Next, in the solution name field, add “$(SolutionName)”. And in the solution output file field, add “$(Build.ArtifactStagingDirectory)\$(SolutionName).zip”.
The solution name is actually a variable that we will setup in a few steps below. We can then reuse that variable in multiple places.
The “Build.ArtifactStagingDirectory” is a predefined variable which is defined by Microsoft as:
“The local path on the agent where any artifacts are copied to before being pushed to their destination. For example: c:\agent_work\1\a A typical way to use this folder is to publish your build artifacts with the Copy files and Publish build artifacts tasks. Note: Build.ArtifactStagingDirectory and Build.StagingDirectory are interchangeable. This directory is purged before each new build, so you don't have to clean it up yourself.”
In this way, we have completed this solution exporting step.
Next, we will be unpacking the solution that we exported in the previous step. In this step, we will use the same variables which we have described in the previous step.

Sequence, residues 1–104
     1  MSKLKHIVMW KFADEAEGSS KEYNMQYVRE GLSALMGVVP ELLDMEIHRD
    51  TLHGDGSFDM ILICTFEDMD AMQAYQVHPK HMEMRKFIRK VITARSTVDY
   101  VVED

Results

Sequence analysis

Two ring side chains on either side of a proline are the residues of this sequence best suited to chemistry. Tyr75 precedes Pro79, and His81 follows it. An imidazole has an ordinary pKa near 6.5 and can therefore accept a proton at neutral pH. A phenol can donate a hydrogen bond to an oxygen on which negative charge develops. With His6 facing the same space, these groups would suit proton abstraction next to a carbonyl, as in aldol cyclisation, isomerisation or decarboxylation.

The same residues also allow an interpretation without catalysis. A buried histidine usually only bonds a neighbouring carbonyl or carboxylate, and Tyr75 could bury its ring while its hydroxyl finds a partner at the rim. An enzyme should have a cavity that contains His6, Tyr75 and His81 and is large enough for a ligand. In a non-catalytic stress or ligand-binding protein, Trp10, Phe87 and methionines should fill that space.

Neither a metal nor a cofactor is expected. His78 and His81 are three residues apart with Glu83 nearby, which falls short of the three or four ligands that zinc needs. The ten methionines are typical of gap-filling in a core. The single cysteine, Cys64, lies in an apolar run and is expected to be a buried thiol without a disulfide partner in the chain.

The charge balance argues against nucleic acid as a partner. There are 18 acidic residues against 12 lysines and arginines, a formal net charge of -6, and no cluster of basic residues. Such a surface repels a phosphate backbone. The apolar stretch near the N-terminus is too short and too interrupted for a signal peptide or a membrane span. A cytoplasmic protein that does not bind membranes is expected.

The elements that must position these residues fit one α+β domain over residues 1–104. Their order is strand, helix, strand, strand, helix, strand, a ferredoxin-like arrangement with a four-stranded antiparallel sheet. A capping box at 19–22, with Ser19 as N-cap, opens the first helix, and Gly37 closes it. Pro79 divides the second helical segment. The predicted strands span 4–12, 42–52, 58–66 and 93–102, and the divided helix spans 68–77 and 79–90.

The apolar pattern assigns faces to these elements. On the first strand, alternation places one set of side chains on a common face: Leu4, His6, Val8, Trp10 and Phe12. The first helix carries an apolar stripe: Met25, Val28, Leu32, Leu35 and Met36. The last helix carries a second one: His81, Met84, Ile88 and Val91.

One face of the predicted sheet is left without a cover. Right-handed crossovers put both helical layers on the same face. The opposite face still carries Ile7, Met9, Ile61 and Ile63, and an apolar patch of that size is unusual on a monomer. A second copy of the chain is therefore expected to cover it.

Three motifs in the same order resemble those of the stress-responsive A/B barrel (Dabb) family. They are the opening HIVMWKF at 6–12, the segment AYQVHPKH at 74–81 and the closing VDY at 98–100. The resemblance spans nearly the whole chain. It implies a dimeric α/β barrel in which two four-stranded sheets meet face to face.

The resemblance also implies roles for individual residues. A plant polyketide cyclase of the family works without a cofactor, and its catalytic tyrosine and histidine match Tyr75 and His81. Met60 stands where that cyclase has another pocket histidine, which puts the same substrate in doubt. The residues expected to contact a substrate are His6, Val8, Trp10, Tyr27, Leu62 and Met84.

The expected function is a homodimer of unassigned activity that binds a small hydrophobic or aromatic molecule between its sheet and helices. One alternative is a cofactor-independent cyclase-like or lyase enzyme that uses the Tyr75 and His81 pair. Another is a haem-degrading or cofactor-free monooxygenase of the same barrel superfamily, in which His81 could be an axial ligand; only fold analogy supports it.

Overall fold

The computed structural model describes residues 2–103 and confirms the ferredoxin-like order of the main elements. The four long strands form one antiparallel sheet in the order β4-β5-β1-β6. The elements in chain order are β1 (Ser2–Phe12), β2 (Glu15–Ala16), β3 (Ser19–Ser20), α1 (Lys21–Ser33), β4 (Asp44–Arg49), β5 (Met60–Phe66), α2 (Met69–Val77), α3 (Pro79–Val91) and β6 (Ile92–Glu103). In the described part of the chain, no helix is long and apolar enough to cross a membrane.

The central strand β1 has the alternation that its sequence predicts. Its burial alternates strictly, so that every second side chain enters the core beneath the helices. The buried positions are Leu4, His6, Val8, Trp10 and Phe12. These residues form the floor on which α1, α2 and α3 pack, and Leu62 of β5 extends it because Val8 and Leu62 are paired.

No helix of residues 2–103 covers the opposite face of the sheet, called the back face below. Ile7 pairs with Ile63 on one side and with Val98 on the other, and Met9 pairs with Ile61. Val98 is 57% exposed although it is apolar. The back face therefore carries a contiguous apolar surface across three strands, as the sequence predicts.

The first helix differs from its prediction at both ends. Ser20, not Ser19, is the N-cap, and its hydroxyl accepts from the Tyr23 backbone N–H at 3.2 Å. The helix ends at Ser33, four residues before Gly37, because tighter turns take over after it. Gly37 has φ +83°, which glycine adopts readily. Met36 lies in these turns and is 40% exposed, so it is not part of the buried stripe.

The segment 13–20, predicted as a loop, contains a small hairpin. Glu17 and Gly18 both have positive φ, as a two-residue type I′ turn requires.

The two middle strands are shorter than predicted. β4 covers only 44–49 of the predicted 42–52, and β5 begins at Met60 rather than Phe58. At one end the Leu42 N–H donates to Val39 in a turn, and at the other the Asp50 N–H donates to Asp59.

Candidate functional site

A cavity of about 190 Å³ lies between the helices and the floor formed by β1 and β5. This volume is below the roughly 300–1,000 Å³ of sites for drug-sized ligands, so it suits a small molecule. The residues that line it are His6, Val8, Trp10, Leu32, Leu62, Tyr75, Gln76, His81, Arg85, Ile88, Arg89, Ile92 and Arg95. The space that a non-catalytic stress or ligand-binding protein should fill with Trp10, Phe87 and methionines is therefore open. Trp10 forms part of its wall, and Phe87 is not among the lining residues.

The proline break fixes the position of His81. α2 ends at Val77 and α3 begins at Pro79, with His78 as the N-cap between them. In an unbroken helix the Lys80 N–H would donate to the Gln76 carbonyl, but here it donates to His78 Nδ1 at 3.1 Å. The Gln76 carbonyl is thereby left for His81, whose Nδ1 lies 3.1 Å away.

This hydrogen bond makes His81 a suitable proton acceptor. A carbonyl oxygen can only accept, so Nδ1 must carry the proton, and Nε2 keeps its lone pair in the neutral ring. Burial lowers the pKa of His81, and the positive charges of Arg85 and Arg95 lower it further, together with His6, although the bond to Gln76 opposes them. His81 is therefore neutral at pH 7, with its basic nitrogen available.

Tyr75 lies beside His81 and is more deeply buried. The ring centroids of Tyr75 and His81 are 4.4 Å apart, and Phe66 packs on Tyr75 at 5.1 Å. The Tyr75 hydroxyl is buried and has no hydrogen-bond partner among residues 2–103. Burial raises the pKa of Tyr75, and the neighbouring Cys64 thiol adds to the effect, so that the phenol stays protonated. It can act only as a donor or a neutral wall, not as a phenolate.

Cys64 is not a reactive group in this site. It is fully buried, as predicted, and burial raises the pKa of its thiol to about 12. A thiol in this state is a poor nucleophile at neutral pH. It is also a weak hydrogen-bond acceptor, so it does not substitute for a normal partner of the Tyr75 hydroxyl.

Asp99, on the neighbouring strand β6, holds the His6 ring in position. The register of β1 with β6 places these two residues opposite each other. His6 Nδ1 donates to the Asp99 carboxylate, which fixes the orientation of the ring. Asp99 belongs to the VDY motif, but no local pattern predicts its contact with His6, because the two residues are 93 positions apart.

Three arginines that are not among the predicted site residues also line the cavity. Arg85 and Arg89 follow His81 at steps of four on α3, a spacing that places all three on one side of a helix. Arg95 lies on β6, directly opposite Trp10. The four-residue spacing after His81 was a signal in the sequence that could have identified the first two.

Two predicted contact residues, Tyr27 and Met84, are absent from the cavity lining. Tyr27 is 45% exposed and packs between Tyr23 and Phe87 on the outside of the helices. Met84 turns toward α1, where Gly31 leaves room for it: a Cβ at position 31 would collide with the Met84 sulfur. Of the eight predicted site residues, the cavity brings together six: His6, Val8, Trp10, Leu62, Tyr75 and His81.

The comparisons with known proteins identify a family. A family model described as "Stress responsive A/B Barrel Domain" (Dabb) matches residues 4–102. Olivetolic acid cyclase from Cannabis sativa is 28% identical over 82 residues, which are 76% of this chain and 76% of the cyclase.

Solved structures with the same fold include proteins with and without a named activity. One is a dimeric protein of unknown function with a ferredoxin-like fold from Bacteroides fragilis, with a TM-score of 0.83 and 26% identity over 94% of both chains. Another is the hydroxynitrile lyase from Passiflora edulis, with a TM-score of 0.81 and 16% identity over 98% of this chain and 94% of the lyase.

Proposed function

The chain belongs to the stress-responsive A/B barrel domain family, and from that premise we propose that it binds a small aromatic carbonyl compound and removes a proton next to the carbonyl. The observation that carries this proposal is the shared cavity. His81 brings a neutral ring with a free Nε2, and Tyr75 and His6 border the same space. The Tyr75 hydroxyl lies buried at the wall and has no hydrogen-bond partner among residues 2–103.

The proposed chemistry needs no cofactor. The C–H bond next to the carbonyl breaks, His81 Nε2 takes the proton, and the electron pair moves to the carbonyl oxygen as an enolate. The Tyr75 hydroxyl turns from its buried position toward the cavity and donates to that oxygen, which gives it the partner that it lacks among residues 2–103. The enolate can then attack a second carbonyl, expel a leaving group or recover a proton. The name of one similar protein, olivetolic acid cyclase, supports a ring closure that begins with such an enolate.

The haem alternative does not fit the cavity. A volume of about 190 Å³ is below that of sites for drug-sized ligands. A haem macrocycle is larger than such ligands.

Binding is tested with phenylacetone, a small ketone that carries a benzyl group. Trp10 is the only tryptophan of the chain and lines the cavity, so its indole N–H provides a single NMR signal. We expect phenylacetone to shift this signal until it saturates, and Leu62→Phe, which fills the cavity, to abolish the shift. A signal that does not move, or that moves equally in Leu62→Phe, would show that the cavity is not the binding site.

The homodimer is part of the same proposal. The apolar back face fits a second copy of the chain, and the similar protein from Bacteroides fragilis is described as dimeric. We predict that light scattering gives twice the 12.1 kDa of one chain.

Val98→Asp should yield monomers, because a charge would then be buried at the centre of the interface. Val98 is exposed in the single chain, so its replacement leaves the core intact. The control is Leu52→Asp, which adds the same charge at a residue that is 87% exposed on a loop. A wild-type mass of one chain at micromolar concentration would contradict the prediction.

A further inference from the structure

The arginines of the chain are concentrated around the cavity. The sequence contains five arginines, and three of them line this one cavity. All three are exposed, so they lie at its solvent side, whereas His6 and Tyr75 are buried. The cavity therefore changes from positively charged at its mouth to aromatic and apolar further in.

Since we now have the solution exported from our sandbox environment, we need to unpack it into source files in order to check it into source control. The solution file is basically a “.zip” file. We won’t be able to track changes with a compressed file. Hence, we will need to unpack the solution zip file into source code in order to make full use of source control. We will keep it simple for now, so we will only be tracking changes made to the source code on a single branch. For advanced implementations, we can also create multiple branches for multiple tasks/developers and merge them into a main branch later. In this way, we can allow collaboration from multiple developers.